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Sunday, April 12, 2015

Cowboys & Aliens

I remember thinking that this movie was going to be really good back when it came out. I saw the trailer in 2011, and I figured that it was going to be a good movie to watch. Then, a few months later, the reviews started rolling in, and I was surprised by how badly it was received. Looking back at the revenue, it only made just over its $163 million-dollar budget. It brought in about $175 million.
Thinking back, they probably should have chosen a different week to release it. The Comic-Con screening was only four days after the release of Captain America: The First Avenger.
Which is one of my favorite movies of all time.
And you know something else? Deathly Hallows Part 2 was released earlier that same month. I've never seen it, and I don't really know if it was any good, but I know it's not a smart move to release a movie, even a movie with a cast like this one had in the same month as major installments in blockbuster franchises.
So let's just say that despite the star-power of the cast, and the fact that this is probably the only movie where you can see James Bond and Indiana Solo team up with Quorra and Justin Fleegman to fight aliens.
Hey I just realized, this is the closest thing we're ever gonna get to a Galaxy Quest, Tron and Star Wars Crossover!
Too bad they chose to release it in the same month as the finale of one of the highest-profile fantasy epics since The Lord of the Rings, and what might just be both one of the greatest war-movies and superhero movies of all time.
And despite my opinion of Transformers: Dark of the Moon, that movie was still going strong well into the next month. And Final Destination 5 was coming out at the start of the next month, which would be joined literally the next day by Rise of the Planet of the Apes. Two massively grossing movies getting released a few weeks after it, combined with one of the hugest films of all-time being released the month before, and another of the hugest films of all-time being released in the same month with one of the greatest films of all-time....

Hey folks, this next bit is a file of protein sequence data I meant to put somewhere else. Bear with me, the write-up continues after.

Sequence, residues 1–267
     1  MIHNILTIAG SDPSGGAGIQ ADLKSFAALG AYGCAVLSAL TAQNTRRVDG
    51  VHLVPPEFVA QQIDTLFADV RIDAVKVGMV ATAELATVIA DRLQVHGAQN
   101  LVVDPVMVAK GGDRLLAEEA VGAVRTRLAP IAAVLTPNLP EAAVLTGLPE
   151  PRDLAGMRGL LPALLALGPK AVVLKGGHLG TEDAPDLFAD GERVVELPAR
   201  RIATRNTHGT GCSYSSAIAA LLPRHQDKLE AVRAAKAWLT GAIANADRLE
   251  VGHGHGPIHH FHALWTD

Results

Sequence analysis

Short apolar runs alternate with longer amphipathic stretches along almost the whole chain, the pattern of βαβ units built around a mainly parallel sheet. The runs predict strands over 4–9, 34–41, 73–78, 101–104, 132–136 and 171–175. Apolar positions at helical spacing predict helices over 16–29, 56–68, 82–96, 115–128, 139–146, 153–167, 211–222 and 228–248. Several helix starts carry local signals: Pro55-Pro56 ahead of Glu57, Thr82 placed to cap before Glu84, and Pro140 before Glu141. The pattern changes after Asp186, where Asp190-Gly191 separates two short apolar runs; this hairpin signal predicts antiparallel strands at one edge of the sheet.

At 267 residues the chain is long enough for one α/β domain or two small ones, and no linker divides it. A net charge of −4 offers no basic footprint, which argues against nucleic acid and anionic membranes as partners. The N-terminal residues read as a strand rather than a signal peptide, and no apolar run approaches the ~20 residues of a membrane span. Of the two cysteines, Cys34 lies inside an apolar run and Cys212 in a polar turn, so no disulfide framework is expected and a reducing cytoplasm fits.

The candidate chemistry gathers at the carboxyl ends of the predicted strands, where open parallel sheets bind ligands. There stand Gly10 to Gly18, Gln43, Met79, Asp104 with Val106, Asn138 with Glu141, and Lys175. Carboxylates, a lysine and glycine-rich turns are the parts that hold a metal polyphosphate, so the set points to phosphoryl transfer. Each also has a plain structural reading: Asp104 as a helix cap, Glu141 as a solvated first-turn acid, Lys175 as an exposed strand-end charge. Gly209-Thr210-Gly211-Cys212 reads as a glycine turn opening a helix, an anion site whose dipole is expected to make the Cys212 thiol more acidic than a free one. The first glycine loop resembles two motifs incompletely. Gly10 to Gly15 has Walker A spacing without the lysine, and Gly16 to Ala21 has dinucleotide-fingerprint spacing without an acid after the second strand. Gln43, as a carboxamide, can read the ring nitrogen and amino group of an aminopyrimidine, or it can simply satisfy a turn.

Yeah, even if they'd ironed out a few of the problems I wound up having with the film, this movie was never destined for any kind of success, despite the sheer power of the cast. It was released at a really bad time in 2011, it had some big issues with presentation and storytelling, and it lacked a decent ending. I'll get into this later in the review.
But yeah, this was definitely gonna drop right off the charts pretty quickly. Sad to say something like that about a movie that's actually pretty good, but it's the truth.
So, let's talk about the plot.
Daniel Craig's character wakes up in the desert with a mysterious wound in his torso, and a massive silver bracelet on his left wrist that certainly doesn't belong in 1873. He runs afoul of some dudes, and winds up leaving them all for dead, and taking their weapons and horses.
He rides into a local town, and gets locked up, because he looks like a wanted outlaw by the name of Jake Lonergan. And because he assaulted the local mafia don's son because the kid was being a stupid and spoiled brat.